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This article was written by 13-year-old Amanda Embree and submitted to the Liberty Essay Contest. As a result, Amanda won a prize -- a Life Membership. She's our newest and youngest Life Member. Feel free to send her a note to welcome her to the team. --Angel Shamaya, KABA Founder/Executive Director

Guns: A Wrong or Our Right?

by Amanda Embree

The second amendment to the constitution of the United States of America says that "A well regulated militia, being necessary to the security of a free State, the right of the people to keep and bear Arms, shall not be infringed." Many argue that this is a collective right given to the National Guard, and not the individual citizens. Webster's collegiate dictionary defines militia thus: 

"A body of citizens enrolled as a regular military force for periodical instruction, discipline, and drill, but not called into active service except in emergencies. In the United States, it includes all able-bodied male citizens between eighteen and forty-five . . . " 

In 1990 the Supreme Court ruled in U.S. v. Verdugo that when the Constitution and its amendments use the phrase "the people" it can always be interpreted "individuals." This would include "the right of the people to keep and bear arms shall not be infringed." The U.S. Code defines militia in Title 10, section 311 as "all able-bodied males at least 17 years of age...." The second amendment means the citizens.

With their first argument debunked, gun control advocates would have us believe that guns are dangerous and that anyone owning one is a potential criminal. They insist, then, that we must keep guns only in the hands of policemen and the military. One major problem is that criminals, by definition, disobey the law. According to The New American magazine, during one period of 10 years, about 16,000 guns were stolen from U.S. Military arsenals, and in one year enough rifles, machine guns, bullets, gas masks, grenades, etc. were stolen from the Los Angeles National Guard to arm a combat unit.

Even supposing we could get all guns from everyone including the police and military, criminals could make their own. Home-made guns, also known as "Zip" guns, can be made from readily available materials such as radio antennas, gas pipes, rubber bands, door latches, and nails. At a high school in Jerome, Idaho, in June of 1988, a 15-year-old boy died when he was accidentally hit by a gun he had made from a music stand and a ball bearing. In the Marion, Illinois top security penitentiary, officials found "an extremely sophisticated zip gun made from metal tubing, tape, a light bulb filament, flashlight batteries taken from a radio, and a toggle switch." The gun's hitting power was reportedly equal to that of a .25-caliber pistol (Parade magazine, September 28, 1980). Two murderers escaped from a maximum security prison in San Quentin, California using a machine gun they had built while serving time. The list goes on and on.

If we can't prohibit guns, then control lobbyists will suggest waiting periods. The problem is that waiting periods do not prevent crime and can keep protection out of the hands of those who need it. The Kansas City Police Department found that, on average, murder stemming from a domestic dispute was committed after the murderer had already visited the victim five times. Murder is usually planned ahead of time, so a waiting period won't prevent it. A Hollywood actor named David Rappaport committed suicide 15 days after he bought a .38-caliber revolver. The 15-day waiting period in California didn't stop him.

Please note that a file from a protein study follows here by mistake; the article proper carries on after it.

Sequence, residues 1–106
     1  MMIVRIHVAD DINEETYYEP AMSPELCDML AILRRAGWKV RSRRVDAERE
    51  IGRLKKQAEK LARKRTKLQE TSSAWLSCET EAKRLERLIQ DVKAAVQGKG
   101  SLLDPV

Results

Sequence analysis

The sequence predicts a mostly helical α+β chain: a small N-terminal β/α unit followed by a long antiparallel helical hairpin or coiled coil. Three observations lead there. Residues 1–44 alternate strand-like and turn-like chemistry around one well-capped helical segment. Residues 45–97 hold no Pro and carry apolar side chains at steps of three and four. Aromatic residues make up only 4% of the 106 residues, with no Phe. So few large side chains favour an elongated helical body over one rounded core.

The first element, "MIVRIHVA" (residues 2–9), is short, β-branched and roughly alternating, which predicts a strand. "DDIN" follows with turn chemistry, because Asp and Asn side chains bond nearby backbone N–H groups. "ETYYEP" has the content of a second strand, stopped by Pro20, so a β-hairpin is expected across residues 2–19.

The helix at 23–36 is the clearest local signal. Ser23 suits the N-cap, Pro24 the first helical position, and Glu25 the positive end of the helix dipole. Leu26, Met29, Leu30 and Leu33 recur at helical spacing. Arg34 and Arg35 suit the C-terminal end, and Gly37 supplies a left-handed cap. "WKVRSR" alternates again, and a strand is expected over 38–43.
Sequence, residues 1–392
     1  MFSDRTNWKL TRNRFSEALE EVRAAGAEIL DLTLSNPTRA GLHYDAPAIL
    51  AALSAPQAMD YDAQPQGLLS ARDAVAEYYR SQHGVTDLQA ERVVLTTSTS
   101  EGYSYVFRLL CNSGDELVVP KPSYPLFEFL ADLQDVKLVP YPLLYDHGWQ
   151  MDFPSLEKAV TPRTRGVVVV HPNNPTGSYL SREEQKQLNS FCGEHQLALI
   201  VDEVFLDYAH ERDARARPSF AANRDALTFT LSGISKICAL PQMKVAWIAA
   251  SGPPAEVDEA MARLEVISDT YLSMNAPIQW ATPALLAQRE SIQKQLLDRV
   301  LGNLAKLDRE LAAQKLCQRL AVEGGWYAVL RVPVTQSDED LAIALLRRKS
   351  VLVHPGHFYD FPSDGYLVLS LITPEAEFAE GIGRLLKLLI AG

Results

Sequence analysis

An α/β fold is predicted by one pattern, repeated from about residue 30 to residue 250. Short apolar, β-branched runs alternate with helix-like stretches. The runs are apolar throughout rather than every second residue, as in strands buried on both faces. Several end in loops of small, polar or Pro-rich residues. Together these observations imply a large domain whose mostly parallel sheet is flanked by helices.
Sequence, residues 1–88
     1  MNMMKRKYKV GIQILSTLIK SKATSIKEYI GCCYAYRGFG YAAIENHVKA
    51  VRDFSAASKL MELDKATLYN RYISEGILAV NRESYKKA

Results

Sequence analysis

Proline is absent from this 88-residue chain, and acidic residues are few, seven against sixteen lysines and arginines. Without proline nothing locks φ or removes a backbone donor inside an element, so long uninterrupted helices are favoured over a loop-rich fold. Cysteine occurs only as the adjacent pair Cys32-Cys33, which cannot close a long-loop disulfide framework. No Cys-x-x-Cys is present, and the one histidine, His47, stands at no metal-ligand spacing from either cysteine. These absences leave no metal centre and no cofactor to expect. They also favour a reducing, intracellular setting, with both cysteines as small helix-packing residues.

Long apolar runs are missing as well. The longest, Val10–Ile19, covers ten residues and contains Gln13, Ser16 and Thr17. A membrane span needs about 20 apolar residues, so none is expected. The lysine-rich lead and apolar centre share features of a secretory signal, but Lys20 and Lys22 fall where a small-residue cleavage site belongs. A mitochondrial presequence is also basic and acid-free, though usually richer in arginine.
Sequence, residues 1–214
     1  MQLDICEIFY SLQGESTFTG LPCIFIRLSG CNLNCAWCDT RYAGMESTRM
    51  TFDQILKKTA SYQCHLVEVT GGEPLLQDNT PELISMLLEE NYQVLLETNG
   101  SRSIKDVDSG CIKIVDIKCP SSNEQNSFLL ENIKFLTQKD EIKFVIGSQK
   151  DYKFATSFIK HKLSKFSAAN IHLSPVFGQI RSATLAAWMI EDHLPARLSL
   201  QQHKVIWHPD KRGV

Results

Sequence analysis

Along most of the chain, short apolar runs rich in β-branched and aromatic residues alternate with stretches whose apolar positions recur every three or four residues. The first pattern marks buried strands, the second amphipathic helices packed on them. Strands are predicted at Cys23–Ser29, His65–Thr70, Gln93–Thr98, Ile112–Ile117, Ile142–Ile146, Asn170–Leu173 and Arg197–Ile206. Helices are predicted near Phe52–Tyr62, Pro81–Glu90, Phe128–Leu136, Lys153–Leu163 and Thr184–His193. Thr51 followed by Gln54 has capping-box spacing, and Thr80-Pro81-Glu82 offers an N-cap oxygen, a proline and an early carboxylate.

Guns have been called "the great equalizer" with reason. The elderly and invalids can handle them and protect themselves from stronger attackers. Robert J. Kukla said in his book Gun Control (Stackpole Books, 1972), 

"Prior to the development of firearms it was the most muscular and brutal -- the man with a club, ax, or sword who ruled our roads and streets and at their whim terrorized our homes. Today, a paunchy intellectual or a dainty and delicate woman, with courage and determination, is more than the equal of any brute who ever trampled the sands of a Roman arena. The difference is a firearm."

In 1982 the head of households in Kennesaw, Georgia (except convicted criminals and those with religious objections) were required to own at least one gun and ammunition. That year incidents of burglary dropped 73% in Kennesaw. In 1991 and 1992 combined there were three robberies, and from the passing of the law until ten years later there were no murders. A University of Massachusetts study found that criminals' fear of armed citizens halts an average of 50,000 crimes each year.

The fiercest criminal from whom individual citizens need protection is a government which becomes overbearing. We are free in America today because the colonists fought against King George's tyranny using the guns that the king tried to take from them. The Alamo defenders used their own weapons when the Mexican government violated the Constitution of 1824 and started to take away the settlers' freedoms. More recently, our government used force to take Elian Gonzalez by overcoming his unarmed protectors and dispersing unarmed protesters. There is no guarantee that it won't happen again, because a government can do whatever it wants to if the citizens are unarmed.

If we are to keep our freedoms we must keep our guns.


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All laws which are repugnant to the Constitution are null and void. Marbury v. Madison, 5 U.S. (2 Cranch) 137 (1803)

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